Emma Raducanu has turned to a Russian coach to guide her as she begins preparations for her US Open title defense next month.
The Kent teenager is working with former Davis Cup player Dmitry Tursunov, who will be with her when she returns to action next week at the Citi Open in Washington DC.
If their initial spell together – which was confirmed to: Sportsmail: by her management – goes well, he will take her through the coming North American swing of the main tour. A year ago saw her playing lower tier tournaments before exploding to prominence at Flushing Meadows.
Dmitry Tursunov is a former World No. 20 player with a reputation for practical jokes on the tour
Tursunov is a former world number 20, who has had considerable success with clients on the circuit since retiring as a player in 2017.
Most recently he took current Anett Kontaveit of Estonia into the world’s top five before they split after this year’s French Open.
Raducanu burst onto the scene after a stunning US Open triumph last year
He has also worked with another top five player in Aryna Sabalenka of Belarus, plus world doubles number one Elena Vesnina and Russian Aslan Karatsev from the ATP Tour.
Raducanu, always happy to take advice from wide-ranging sources, has not had a full-time coach since she finished with German coach Torben Beltz in late April.
In the intervening period she has received guidance from a number of figures, such as Canadian Louis Cayer, Head of the Lawn Tennis Association’s women’s division Iain Bates, and during Wimbledon former LTA coach Jane O’ Donoghue.
During an extremely solid career on the ATP Tour, Dmitry Tursunov always had a reputation for being something of a character and a practical joker.
He wrote a well-followed blog entitled Tursunov Tales, detailing life on the circuit and the things he would get up to, such as hiding Roger Federer’s racket bag before a match.
After reaching number 20 in the world he has gone on to enjoy success in coaching. As he put it in a recent interview with tennis.com. “Sometimes I enjoy acting like an idiot, but I really know what I’m talking about and I’m passionate about it.”
Born in Moscow 39 years ago, the sport has been his life since moving to the United States at the age of twelve to pursue his dreams.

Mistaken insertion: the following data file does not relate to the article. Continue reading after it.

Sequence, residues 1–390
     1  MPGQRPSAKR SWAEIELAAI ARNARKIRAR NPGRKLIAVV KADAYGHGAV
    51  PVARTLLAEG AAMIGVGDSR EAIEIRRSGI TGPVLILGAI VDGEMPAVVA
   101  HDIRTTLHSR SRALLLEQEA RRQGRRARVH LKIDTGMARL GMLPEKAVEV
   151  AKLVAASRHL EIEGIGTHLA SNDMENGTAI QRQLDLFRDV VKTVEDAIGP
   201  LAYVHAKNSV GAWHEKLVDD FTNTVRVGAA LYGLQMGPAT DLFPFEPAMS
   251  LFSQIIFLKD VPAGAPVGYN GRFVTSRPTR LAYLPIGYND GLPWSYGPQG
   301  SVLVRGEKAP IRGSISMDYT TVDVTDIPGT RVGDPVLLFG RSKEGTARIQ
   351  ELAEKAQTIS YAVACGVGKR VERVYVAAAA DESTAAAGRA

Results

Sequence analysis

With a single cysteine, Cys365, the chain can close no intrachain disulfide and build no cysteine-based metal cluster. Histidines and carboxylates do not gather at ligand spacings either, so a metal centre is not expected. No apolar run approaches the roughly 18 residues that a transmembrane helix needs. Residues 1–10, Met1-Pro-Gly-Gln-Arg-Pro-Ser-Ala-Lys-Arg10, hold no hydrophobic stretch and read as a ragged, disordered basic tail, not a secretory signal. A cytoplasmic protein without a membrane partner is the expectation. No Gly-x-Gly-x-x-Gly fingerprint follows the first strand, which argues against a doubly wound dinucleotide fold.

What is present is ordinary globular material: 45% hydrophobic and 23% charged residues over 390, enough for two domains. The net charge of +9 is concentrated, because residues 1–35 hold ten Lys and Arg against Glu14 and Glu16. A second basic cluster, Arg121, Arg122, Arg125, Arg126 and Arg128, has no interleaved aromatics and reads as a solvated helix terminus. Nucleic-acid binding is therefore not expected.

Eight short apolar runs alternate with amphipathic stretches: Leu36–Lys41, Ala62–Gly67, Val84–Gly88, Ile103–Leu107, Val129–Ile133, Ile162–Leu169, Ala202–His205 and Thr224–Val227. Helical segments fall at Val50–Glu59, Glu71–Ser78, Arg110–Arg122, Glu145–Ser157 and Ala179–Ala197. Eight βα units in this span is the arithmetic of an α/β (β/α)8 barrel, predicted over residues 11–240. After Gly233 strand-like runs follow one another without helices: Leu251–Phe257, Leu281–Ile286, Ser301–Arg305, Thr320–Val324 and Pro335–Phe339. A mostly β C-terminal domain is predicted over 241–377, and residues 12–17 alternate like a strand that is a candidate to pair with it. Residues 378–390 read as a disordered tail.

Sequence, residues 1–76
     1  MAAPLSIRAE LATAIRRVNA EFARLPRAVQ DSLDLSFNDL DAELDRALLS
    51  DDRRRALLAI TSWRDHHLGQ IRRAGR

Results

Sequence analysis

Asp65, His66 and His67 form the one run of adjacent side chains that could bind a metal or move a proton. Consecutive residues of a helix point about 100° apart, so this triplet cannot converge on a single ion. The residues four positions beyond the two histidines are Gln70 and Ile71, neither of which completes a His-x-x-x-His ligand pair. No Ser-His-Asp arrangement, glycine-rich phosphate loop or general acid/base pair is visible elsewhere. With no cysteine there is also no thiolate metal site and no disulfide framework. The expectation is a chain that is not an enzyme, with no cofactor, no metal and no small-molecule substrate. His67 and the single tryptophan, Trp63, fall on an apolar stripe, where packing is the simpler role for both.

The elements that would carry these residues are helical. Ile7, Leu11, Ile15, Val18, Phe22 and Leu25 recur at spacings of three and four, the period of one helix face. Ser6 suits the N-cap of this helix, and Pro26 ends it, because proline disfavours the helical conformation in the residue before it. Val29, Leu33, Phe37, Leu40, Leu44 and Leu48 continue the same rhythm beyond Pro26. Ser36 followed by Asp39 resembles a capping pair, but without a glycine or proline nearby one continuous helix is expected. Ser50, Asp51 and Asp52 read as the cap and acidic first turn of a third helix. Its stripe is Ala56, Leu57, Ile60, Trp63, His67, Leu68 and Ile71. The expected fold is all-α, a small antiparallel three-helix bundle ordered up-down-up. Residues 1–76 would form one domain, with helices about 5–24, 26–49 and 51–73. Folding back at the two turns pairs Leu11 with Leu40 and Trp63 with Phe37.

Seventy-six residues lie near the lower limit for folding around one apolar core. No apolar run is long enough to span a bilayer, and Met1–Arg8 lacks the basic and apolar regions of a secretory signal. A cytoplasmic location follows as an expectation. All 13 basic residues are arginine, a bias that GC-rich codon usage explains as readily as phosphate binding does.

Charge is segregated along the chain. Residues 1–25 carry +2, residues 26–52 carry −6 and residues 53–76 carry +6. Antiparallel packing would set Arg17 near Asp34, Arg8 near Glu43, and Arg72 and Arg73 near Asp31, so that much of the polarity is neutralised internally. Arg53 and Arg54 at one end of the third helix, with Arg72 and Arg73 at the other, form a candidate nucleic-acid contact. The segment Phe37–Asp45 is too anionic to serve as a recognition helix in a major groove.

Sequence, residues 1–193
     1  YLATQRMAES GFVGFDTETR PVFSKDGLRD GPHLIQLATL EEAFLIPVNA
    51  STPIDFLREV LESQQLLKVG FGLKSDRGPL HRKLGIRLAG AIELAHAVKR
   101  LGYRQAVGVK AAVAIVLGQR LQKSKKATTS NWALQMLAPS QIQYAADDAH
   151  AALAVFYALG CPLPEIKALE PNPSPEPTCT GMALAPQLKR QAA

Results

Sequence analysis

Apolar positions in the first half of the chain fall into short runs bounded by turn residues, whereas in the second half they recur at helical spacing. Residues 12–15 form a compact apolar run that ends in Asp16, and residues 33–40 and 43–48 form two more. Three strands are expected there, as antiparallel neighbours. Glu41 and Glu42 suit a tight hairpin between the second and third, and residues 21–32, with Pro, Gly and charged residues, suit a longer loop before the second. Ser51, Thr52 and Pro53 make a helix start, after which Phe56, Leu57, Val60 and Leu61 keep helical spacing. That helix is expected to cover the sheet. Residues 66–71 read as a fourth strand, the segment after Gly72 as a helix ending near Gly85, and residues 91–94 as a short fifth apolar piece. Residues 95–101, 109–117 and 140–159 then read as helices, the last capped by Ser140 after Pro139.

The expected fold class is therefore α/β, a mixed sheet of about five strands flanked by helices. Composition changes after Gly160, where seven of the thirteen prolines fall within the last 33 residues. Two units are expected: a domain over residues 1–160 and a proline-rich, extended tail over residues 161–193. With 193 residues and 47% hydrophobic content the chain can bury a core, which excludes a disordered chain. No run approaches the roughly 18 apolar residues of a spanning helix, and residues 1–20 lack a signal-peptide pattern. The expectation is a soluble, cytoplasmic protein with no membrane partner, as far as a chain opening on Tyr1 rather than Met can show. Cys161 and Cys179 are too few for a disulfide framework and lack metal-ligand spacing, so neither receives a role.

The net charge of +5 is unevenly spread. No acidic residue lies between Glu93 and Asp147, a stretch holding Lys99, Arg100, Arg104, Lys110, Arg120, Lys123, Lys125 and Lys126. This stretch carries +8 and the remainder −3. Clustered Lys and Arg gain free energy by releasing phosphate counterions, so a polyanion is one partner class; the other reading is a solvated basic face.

He now has the serious task of trying to take on US Open winner Raducanu, who since dramatically winning the Flushing Meadows title has shown only brief flashes of that form.
The Russian previously partnered up with top five players Anett Kontaveit and Aryna Sabalenka
His coaching style is said to be forthright, but it has produced excellent results for aggressive baseliners Kontaveit and Sabalenka.
Raducanu has been hindered by repetitive injuries, which have highlighted the fact that she missed out on some physical development while focusing on completing her school education.
A side strain suffered at Nottingham almost kept her out of Wimbledon where, looking underpowered, she was well beaten by France’s Caroline Garcia in the second round.
Since then she has kept a decidedly low profile, but Sportsmail: understands that earlier this month she traveled out to the IMG Academy in Bradenton, Florida.
Much of the work she has done there has been of a purely physical nature, as she attempts to catch up with that side of the game ahead of what is a crucial run of tournaments.
All being well she is likely to play in Washington, the Canadian Open and Cincinnati before heading to New York. There she will have to defend a mammoth 2,040 ranking points, adding to the pressure already of being the defending champion.
Raducanu’s form since her stunning Flushing Meadows victory has been plagued by injuries
Tursunov has the job of trying to further extract the undoubted potential of the British number one, who currently stands at number ten in the world.
In the sometimes confusing carousel of WTA coaching, he is working with Raducanu while his last player, Kontaveit, has hired Torben Beltz, who was dispensed with by the GB player back in April.
The Russian – who was the last player Tim Henman beat at a Grand Slam before retiring in 2007 – would not have been barred from Wimbledon this year, as the ban only extended to players and media.
During the tennis.com interview he gave a hint of what Raducanu can expect. “You need to have the other person agree with the process, and you have to find better ways of communicating and getting your point across. And, of course, players are quite sensitive – they are one of the best in their fields. It’s about showing them they have room to improve.’